Optimising Omnichannel Promotions for Customer Satisfaction




For a while now, customer satisfaction has been the touchstone of retail, spelling the difference between success and doom. To boost customer satisfaction, retailers shower customers with promotions via websites, messages, billboards, and other channels. Retailers do this despite not knowing whether the omnichannel promotions lead to increased customer satisfaction or not. A study based on two experiments attempts to answer this question: Does customer satisfaction with the shopping experience vary depending on the type of omnichannel promotion offered to customers?.


The study found that, in general, goal-congruent promotions provide greater customer satisfaction than goal-incongruent promotions. Goal-congruent promotions are those that help consumers meet their shopping goals. For example, an SMS about a sale on umbrellas is goal-congruent for a person shopping for raincoats or weatherproof boots, but goal-incongruent for a shopper looking for party wear.


Within this, there are slight variations based on the product category. Utilitarian shoppers (customers with clear, specific shopping goals) and shoppers of utilitarian products (e,g, hardware and medical products) experience greater customer satisfaction from goal-congruent promotions. Hedonic shoppers (customers for whom shopping is “fun”) and shoppers of hedonic products (e.g. entertainment and chocolates) are highly satisfied with goal-congruent promotions but also satisfied with incongruent ones.


[Read more about how hedonic and utilitarian shopping goals relate to impulse buying.]


The study also revealed that monetary promotions such as discounts, buy one get one free and cashback offers elicit higher customer satisfaction than non-monetary promotions such as invitations to events, sweepstakes and contests. This is because monetary promotions provide benefits such as cost savings and higher value, driving short-term sales. They also have a broader appeal, with both utilitarian and hedonic shoppers finding them attractive. Non-monetary promotions, on the other hand, focus on brand building and developing consumer relationships. They have minimal appeal for utilitarian shoppers but appeal to hedonic shoppers due to their experiential nature.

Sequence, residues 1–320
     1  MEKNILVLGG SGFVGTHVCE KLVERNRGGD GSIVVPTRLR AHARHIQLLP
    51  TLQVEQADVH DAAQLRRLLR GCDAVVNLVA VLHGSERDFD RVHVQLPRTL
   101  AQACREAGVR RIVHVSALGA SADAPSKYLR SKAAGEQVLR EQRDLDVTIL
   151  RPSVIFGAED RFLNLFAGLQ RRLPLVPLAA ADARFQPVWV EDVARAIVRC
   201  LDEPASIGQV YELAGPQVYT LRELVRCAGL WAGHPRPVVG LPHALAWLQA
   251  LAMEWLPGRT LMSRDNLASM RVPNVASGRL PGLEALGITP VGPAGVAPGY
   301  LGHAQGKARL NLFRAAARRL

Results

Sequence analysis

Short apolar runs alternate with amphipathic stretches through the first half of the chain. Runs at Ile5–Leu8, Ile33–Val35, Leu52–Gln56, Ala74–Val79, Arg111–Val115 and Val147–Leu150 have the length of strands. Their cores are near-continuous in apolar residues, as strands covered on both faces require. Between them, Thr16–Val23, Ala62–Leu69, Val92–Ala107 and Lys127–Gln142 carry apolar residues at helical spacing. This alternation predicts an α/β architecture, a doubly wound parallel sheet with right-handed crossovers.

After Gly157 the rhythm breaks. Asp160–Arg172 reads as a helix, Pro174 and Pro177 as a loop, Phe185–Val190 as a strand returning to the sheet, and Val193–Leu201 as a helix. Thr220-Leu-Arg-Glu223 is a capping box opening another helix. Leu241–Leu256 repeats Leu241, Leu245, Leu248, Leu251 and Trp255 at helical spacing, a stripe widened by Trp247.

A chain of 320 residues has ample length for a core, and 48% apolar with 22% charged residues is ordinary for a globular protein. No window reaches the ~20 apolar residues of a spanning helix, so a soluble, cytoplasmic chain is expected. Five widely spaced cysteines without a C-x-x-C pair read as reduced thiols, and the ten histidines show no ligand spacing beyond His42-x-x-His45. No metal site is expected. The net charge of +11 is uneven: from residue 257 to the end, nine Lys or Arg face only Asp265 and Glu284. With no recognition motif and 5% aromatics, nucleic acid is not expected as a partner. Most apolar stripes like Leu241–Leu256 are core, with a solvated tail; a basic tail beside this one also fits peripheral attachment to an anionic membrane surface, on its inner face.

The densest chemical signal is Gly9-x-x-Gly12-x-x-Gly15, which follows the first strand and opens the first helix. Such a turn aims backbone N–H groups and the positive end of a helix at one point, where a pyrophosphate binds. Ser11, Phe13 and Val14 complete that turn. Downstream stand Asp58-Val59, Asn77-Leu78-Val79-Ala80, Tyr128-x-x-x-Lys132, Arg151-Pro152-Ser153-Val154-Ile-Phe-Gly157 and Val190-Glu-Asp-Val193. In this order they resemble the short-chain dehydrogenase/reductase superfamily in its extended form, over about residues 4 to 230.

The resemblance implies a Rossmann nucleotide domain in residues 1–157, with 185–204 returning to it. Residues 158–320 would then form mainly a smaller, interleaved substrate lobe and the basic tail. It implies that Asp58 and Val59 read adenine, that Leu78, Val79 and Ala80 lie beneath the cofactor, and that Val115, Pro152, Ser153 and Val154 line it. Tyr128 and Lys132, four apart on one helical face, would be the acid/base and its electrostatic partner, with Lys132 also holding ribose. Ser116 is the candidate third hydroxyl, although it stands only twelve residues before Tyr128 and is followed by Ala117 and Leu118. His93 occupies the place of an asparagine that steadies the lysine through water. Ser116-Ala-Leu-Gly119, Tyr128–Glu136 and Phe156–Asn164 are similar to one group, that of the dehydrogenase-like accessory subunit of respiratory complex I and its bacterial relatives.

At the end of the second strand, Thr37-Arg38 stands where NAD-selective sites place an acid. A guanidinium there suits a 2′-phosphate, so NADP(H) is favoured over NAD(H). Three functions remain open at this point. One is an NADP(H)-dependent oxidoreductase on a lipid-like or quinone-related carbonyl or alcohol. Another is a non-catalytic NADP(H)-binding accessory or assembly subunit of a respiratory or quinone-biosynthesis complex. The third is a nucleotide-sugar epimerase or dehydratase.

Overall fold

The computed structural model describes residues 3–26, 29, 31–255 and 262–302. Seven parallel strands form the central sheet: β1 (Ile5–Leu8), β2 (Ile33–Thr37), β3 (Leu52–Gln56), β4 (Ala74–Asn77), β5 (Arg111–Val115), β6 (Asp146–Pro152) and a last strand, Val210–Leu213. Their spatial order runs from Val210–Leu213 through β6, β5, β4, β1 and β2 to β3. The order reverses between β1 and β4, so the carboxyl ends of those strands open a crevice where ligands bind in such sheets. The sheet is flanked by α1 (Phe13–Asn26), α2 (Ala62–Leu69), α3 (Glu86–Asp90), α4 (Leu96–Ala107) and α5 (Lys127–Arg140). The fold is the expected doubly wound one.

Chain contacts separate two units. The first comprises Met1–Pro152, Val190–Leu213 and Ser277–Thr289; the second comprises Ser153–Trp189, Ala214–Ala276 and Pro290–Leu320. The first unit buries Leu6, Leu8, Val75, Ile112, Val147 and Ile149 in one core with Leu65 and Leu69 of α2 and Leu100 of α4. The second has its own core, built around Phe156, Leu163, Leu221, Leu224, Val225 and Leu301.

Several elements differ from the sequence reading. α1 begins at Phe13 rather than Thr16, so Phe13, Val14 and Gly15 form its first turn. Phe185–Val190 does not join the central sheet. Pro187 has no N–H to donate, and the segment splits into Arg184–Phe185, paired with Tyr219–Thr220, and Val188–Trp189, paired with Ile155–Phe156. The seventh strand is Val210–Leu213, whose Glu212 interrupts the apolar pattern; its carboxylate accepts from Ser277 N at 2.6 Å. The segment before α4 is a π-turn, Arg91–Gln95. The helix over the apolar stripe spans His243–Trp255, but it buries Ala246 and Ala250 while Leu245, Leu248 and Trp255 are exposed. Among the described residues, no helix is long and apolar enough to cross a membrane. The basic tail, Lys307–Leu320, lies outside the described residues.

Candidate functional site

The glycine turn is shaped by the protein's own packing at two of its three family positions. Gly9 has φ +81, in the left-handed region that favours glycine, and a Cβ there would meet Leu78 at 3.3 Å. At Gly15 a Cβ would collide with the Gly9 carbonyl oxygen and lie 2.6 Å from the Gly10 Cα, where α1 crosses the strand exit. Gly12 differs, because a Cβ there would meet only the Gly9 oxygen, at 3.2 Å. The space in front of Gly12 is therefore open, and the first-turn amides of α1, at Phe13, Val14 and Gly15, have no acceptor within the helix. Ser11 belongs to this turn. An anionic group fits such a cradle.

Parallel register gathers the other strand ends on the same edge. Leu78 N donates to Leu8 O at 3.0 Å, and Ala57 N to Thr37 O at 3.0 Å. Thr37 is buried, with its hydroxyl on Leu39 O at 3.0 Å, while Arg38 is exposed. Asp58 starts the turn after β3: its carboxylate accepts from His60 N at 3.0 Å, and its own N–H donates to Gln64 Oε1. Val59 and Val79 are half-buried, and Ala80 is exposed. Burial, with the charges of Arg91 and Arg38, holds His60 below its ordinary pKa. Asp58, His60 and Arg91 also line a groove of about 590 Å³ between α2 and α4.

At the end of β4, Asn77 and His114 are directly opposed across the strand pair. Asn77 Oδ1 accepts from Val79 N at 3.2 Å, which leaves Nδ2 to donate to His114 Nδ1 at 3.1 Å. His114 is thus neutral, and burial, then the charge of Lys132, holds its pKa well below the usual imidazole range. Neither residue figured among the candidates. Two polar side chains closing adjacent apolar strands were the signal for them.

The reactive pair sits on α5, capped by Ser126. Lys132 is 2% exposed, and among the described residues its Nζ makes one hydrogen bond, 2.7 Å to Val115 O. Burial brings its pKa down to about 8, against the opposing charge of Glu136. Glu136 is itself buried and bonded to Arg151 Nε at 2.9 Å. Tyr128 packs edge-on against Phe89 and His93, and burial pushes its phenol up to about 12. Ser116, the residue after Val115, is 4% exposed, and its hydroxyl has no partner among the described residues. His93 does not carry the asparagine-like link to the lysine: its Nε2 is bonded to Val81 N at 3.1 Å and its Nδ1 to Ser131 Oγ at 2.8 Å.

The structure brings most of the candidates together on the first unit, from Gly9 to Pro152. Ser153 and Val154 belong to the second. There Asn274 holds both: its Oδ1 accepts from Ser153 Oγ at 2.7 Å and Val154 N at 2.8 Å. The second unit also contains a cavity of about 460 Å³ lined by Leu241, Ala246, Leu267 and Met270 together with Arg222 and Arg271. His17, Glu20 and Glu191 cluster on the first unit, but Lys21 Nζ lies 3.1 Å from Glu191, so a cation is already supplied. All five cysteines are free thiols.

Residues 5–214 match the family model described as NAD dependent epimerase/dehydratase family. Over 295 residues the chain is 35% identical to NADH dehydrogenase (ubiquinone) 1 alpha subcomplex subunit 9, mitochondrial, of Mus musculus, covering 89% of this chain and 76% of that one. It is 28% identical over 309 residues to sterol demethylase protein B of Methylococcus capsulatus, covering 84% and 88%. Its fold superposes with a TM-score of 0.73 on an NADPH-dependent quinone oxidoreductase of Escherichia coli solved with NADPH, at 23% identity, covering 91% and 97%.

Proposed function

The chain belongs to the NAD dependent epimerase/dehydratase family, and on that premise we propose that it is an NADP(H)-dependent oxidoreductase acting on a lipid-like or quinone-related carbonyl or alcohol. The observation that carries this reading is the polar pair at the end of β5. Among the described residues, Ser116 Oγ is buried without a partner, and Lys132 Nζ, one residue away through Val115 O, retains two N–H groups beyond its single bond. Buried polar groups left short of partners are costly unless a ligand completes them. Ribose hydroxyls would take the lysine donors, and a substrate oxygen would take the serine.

Service excellence mediates the positive effect of goal congruent and monetary promotions. Service excellence is a shopper’s measure of how well a retailer serves to fulfil their shopping goal. Goal-congruent and monetary promotions lead shoppers to perceive higher service excellence, leading to higher customer satisfaction. Let’s say a shopper’s goal is to purchase a smartwatch. A discount coupon on smartwatches will make them feel that the retailer has higher service excellence, and they will also experience higher customer satisfaction.


Retailers can use these findings to create more targeted omnichannel promotions for different types of products and shoppers. They can use data from shoppers’ sales histories, browsing choices, and other touchpoints to identify shopping goals more accurately and offer more goal-congruent promotions.


Retailers can also use this data, along with product categorisation, to identify omnichannel promotion strategies best suited to utilitarian/hedonic shoppers and products. Retailers of utilitarian products will benefit from a more integrated omnichannel promotion strategy focused on goal-congruence and monetary benefits. Retailers of hedonic products have a wider range of promotions available to them. Figure 1 gives a clear example of the 8 types of promotions retailers can offer based on goal-congruency and monetary value.



Figure 1




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